• “I told you, no. I’m not going to do that.”

  • “Stop pressuring me.”

  • “What kind of friend are you to keep pressuring me? Back off.”

Encourage Assertiveness

One of the most important ways for your student to stay safe is to develop assertiveness. Whether it’s related to being assertive and standing firm in their plans for how to deal with being offered alcohol or in how much they’ll drink, assertiveness will help minimize the risks they’ll have.

Harm Reduction Tips

Telling your student how to safely use alcohol or marijuana/cannabis rather than telling them not to seems like you're giving them permission to participate in risky behaviors. We get it – ideally, your student would avoid drinking or using marijuana/cannabis, but the reality is that your student may experiment in college. Harm reduction is exactly as it sounds: reducing potential harms through a variety of educational and behavioral strategies. We are not so naïve that we think parents talking with their college students about alcohol and marijuana/cannabis will put an end to consumption. However, you should do everything in your power to discourage underage drinking and marijuana/cannabis use, or at least encourage responsible behavior that does not put your student at risk for serious negative consequences. If your student chooses to consume alcohol or try marijuana/cannabis, the best thing you can do is arm them with accurate information and strategies, so they know how to protect themselves from the abundance of secondary harms and know how to help a friend in need of emergency assistance due to substance use. It only takes a single episode of risky behaviors to change career expectations, experience legal consequences, end up with a criminal record, cause accidents, or experience sexual assault.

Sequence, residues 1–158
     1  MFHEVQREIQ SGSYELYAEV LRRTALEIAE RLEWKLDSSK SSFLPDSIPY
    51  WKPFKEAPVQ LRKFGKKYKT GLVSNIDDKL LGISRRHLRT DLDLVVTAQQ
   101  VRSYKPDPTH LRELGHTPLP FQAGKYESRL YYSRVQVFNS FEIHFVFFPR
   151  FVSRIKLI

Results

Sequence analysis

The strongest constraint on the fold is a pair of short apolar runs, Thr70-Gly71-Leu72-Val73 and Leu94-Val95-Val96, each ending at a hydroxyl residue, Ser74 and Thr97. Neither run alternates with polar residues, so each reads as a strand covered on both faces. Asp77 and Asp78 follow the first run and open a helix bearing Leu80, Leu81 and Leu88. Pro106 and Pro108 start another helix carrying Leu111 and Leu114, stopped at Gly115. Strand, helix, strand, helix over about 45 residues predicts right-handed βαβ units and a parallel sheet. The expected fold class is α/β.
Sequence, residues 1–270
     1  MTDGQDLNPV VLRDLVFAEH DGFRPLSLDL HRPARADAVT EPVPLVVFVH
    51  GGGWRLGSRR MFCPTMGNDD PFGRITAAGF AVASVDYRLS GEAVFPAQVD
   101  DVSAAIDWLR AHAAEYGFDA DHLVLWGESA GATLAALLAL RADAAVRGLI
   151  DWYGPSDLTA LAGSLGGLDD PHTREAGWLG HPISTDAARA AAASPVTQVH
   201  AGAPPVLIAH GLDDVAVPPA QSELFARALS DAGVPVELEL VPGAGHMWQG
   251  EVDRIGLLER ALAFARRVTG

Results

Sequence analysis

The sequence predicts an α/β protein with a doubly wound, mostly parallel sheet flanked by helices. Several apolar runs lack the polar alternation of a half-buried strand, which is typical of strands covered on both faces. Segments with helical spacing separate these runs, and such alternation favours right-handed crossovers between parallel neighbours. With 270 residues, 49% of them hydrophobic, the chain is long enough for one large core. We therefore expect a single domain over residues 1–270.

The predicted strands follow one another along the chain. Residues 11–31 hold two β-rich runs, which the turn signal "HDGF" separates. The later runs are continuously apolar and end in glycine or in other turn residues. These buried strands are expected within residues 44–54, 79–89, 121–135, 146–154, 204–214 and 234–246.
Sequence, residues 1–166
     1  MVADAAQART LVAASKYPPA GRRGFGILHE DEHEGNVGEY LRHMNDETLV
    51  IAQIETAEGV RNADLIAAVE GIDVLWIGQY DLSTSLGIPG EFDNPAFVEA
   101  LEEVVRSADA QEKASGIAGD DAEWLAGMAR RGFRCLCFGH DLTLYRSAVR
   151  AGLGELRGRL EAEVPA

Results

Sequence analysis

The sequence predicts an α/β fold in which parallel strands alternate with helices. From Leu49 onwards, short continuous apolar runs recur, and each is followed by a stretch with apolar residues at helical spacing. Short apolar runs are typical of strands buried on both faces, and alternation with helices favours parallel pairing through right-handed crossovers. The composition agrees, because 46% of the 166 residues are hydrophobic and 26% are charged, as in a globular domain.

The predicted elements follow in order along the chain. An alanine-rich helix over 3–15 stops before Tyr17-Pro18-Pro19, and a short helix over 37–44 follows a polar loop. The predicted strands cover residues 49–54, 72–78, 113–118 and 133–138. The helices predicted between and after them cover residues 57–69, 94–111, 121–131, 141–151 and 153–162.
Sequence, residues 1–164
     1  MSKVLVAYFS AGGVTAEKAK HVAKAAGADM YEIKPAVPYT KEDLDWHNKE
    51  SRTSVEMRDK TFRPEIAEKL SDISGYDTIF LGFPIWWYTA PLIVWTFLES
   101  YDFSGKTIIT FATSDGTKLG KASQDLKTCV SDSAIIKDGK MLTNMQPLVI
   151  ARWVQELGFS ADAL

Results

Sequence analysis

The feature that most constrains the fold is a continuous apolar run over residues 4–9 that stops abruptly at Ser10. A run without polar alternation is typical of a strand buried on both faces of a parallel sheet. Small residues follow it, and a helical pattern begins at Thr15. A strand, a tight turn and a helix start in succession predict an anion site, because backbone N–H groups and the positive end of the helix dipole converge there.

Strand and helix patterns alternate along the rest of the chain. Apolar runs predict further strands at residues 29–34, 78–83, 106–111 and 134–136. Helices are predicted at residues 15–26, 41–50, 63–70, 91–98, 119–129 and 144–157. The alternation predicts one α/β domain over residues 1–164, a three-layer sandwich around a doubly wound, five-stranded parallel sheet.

• Know what a standard serving of alcohol is.
  • Know your limits, stick to them, and stay in control.
  • Determine how many drinks to have and stop at your number.
  • Eat right before and while drinking.
  • Don't mix alcohol with marijuana or other substances.
  • Limit yourself to one drink an hour. Remember, shots take about 20 minutes to hit.
  • Drink a non-alcoholic "spacer" between drinks and stay hydrated.
  • Check if any medications you're taking interact badly with alcohol.